In this case, the customer used an online booking engine. In my opinion, most online booking engines do not operate as most people expect a travel agency to operate. Airlines lump online booking engines and brick and mortar agencies the same group.

    I usually advise people to use any online booking engine they can to find the best fare/routing combination they like and then book directly on the airlines website.

  5. It is still incredible that companies claim that they cannot refund money promptly. Anything more than a day or two after they agree to a refund is either pure incompetence or borderline scamming. I can walk into a Walmart and have my CC refunded immediately if I return an item.

  6. I’m with Eric here, as well as some of the other posters – I would have initiated a chargeback were the refund to take any longer than a week.  If Travelocity/United had her credit card number they should have processed this refund almost immediately.  Any longer than that and they are stalling.  They gain a significantly higher interest rate on their money than you or I will. The longer they hang on to OPM (other people’s money), the more they can earn on it in the form of interest.

    Many years ago, the military were paid on the 15th and the last day of the month.  During a government, uh, let’s call it financial difficulty, they held off paying the military members until the 1st of the month and discovered they made millions in interest.  Therefore, they started doing it that way.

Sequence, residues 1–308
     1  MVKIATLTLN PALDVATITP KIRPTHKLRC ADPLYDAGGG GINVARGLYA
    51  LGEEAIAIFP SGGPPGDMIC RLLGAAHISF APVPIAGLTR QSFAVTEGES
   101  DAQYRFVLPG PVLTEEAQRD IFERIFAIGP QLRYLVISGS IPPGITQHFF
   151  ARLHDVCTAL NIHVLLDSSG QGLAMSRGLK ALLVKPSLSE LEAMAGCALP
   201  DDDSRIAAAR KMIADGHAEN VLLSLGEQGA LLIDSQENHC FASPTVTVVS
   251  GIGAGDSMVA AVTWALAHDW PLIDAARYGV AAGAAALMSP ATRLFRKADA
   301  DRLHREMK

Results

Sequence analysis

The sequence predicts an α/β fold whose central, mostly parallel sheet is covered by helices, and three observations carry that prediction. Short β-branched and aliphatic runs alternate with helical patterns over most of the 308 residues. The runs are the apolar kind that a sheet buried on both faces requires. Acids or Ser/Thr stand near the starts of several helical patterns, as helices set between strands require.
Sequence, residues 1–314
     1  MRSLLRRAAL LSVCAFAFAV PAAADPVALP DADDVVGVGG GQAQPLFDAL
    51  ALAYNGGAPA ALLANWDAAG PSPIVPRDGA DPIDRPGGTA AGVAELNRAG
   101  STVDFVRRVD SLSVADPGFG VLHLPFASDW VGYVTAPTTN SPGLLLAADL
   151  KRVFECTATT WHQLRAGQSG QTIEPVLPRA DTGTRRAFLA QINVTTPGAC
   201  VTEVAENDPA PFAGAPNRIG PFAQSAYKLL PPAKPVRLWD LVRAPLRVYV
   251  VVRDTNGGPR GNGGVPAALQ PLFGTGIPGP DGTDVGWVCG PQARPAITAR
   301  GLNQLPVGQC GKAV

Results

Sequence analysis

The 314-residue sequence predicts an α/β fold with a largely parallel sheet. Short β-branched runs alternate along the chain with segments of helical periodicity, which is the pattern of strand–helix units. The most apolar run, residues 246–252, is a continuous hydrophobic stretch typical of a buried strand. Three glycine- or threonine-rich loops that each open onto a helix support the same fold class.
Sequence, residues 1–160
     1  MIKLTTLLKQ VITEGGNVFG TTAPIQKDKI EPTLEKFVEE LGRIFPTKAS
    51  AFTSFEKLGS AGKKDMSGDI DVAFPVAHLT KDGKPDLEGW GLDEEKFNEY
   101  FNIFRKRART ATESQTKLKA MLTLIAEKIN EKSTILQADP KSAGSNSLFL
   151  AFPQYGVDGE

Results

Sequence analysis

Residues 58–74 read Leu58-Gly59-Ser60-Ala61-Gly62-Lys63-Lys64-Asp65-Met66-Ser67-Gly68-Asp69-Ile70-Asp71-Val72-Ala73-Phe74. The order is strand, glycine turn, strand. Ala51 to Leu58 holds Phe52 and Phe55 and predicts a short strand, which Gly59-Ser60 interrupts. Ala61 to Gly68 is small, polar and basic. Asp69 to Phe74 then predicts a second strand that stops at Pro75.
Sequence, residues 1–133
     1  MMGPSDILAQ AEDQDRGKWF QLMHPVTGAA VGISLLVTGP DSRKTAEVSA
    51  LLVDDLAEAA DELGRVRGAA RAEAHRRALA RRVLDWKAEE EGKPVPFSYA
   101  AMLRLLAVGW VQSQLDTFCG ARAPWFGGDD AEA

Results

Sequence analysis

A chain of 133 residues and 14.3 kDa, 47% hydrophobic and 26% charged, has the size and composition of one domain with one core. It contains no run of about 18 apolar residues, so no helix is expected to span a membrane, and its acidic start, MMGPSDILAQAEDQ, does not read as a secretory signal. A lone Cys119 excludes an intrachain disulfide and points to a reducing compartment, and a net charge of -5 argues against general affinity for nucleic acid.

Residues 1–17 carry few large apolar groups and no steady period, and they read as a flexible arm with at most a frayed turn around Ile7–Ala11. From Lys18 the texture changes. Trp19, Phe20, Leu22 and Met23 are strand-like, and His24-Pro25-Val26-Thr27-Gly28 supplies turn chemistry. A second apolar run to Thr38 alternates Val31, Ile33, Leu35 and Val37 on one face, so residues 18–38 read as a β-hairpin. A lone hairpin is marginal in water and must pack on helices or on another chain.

This was borderline fraudulent, IMHO.

  7. This is a total cop-out by the airline. All travel agents, including online, are required to pay the airline within 24 hours of sale. So, the airline always holds the money. A travel agent has to get the money back from the airline to make any refunds. Airlines just use the excuse that refunds have to be done by the agency so they can avoid hiring sufficient personal to process refunds, and to delay the refund process as long as possible.

  8. Travelocity reports tickets to ARC.  When a tickets gets refunded, the process goes throught the GDS and every Tuesday an ARC report is done.  The airline then gets the refund request and depending on the billing cycle of the credit card, the credit card holder will see the refund on their next statement or the one following.  So we always say to allow 6-8 weeks.
    The OP’s statement that Travelocity has their money for 11 weeks in incorrect.  No money gets sent to Travelocity as the transaction was made by a credit card.  Glitches do happen and I have had to followup when a client notifies me that no credit has shown up on their statements, but that is a rare occurance.

  9. Chris — I think you’re misinterpreting the government website — or they may have added clarifying text recently?  The paragraph you quoted now reads:

    If you paid by credit card for a refundable fare and you have
    trouble getting a refund that you are due (e.g., you have a refundable fare, or
    you have a nonrefundable fare and the airline canceled your flight and you did
    not travel as a result), report this in writing to your credit card company.

    The part in parenthesis is key, and may have been added since you don’t quote it — it seems clear that a nonrefundable ticket automatically becomes refundable when the flight is cancelled and should be treated the same way.

    Even the government is saying that you should dispute the charge if you don’t get a prompt refund.

  10. Airline refunds should take no longer than one week.  In fact, they should be done almost immediately.  There’s no excuse for these long waiting times, none at all.